Before my noble friends and colleagues think I am becoming too sycophantic, I should point out that I have one reservation. I fear that the Government may be pushed into action that is too precipitate in terms of the second stage. I shall return to that later.

First, I sincerely apologise to my fellow hereditary Peers because, in my 13 years in the House, I have been unable to persuade many of them to join the Labour ranks, with the result that there are currently 18 Labour hereditary Peers out of a total of 750 Peers by succession. That is 2.4 per cent. If one looks at society at large, we can see that the Labour Party has an overwhelming majority in the House of Commons; Labour councillors are the largest single group in local authorities and the Labour Party's standing in the opinion polls is currently over 50 per cent. Given that scenario, even the massed ranks of hereditary Peers must agree that they are totally out of touch with modern British society. I honestly feel that that is partly my responsibility because I have not managed to do the job of persuading them to come across to our party. I am sorry about that. There is nothing I can do about it now.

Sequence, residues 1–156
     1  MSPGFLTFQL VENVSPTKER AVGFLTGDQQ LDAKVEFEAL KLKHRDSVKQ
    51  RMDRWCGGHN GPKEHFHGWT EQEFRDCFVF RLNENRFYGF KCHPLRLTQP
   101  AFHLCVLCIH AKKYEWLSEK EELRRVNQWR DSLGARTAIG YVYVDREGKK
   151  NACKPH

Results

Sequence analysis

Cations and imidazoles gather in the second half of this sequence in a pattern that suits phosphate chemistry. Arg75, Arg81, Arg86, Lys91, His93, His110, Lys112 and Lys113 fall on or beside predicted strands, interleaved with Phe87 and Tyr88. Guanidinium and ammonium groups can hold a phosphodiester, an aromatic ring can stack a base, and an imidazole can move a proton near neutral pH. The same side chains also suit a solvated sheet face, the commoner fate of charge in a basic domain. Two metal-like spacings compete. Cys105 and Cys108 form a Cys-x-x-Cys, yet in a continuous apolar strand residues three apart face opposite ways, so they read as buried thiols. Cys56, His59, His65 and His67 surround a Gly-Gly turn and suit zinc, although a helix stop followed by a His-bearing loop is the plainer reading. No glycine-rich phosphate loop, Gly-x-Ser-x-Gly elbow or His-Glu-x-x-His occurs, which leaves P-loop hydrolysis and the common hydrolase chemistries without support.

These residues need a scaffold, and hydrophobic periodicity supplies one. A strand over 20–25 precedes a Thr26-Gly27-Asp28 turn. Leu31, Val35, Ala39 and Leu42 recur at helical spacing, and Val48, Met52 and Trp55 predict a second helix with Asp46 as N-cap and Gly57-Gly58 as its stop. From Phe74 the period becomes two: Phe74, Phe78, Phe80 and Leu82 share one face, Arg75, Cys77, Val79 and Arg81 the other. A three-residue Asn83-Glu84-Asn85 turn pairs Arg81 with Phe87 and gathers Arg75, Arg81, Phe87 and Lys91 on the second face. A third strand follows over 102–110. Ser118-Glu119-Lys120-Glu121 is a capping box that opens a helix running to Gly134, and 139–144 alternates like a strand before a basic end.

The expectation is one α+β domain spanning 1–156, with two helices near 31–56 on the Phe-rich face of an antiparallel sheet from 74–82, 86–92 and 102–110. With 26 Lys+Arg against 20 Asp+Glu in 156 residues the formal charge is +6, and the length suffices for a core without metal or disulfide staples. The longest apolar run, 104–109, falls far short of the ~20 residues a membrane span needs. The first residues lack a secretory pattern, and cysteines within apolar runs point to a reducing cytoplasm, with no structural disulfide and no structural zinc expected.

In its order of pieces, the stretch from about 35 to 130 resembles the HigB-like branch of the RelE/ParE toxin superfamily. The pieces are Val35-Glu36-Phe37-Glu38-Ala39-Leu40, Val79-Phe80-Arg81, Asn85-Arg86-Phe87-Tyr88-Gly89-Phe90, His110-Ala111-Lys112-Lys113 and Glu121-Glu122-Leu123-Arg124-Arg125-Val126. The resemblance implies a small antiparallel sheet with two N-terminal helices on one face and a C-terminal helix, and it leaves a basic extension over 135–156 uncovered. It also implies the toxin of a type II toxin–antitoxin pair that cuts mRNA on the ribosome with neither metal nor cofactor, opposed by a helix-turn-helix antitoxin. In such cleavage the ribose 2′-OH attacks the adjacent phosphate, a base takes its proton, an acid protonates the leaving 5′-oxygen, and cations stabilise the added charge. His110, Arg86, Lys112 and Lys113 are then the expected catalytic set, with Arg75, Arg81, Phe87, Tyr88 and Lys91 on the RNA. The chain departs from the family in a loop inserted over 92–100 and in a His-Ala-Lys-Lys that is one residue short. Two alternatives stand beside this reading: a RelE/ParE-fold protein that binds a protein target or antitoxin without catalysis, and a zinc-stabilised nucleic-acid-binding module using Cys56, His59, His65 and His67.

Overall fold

One of the things I have learnt in my years here in the House of Lords is the way that it differs from the other place. There are two particular strengths that I would highlight. First, virtually all the main business of the House is taken on the Floor of the House. That means that almost every Member of this House has the opportunity to contribute to debates. Secondly, we have the opportunity to debate every amendment that is tabled to government legislation. That is rather different from what happens at the other end of the building. There,